British housing destroyed or damaged

The original caption for this official image was entitled 'The Sun Still Shines' - images of wartime damage were carefully controlled and every effort was made to present a story of cheerful defiance.

The Home Security Situation report for the week records that:

Up to the 15th February, 1941, the following damage to domestic house property in London and elsewhere has been reported ::—

Destroyed and damaged beyond repair—

In London 33,595
Elsewhere* 60,290

Seriously damaged but repairable—

In London 123,395
Elsewhere* 175,520

*excluding Scotland

In just one incident on the 13th February:

at Hendon 366 houses were destroyed or rendered uninhabitable and a further 400 suffered damage by a single large-calibre bomb. Seventy-five people were killed and 145 seriously injured.

On the 15th February 1941 Vere Hodgson recorded what she had learnt of the incident in her diary:

Saturday, 15th

Heard the news of Thursday night’s damage today in the Mercury. I could not understand why one bomb should cause such a considerable amount of damage.

A lady explained to me that her son was on Hendon aerodrome with two W.R.A.F.s, and they saw the thing come down. It is a new kind of bomb. Had a flare attached to it. It fell on High St. before the Warning.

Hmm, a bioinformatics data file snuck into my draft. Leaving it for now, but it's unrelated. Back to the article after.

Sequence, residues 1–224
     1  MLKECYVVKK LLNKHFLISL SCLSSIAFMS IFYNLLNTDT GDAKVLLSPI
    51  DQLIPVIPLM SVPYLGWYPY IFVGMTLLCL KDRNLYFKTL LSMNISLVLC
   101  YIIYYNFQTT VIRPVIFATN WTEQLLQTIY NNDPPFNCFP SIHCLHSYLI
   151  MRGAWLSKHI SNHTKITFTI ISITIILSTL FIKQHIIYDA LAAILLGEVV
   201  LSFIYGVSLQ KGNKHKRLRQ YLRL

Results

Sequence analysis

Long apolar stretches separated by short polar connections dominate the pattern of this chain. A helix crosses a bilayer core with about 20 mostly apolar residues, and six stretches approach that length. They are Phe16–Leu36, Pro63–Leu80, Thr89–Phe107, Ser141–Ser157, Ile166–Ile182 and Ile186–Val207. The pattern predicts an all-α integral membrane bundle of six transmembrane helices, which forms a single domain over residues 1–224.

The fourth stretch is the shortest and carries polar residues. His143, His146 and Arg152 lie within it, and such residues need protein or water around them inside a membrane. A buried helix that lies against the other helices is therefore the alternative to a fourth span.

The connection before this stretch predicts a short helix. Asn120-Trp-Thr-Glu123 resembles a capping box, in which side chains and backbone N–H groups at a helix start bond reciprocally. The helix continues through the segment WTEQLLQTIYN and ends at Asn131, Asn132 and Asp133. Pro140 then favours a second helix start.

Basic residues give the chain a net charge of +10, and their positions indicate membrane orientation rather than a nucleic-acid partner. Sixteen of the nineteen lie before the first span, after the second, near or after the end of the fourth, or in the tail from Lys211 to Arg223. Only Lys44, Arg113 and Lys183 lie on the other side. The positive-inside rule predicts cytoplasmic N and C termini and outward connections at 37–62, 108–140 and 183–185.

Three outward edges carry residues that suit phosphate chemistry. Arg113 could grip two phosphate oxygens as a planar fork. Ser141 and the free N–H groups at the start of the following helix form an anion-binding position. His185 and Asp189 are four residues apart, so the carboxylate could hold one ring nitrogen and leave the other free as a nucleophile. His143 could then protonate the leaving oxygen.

People were out and so did not stand a chance. It destroyed five streets of houses and spread damage for three miles – so the lady said. Many killed and injured and made homeless. It was a working class district of Hendon. The three young people on the roof found themselves tied in knots, and did not know if they were dead or alive.

See Vere Hodgson: Few Eggs and No Oranges

{ 1 comment… read it below or add one }

Barry March 19, 2012 at 7:28 pm

I lived for a time in Orpington, south of the river, and a massive bomb landed in the school playing fields at the back of the house. It made a huge crater which as far as I know is still there. The house holders in Moon Avenue managed to find a few pieces of the bomb and used them for house name plates etc until people started to steal them for souvenirs.

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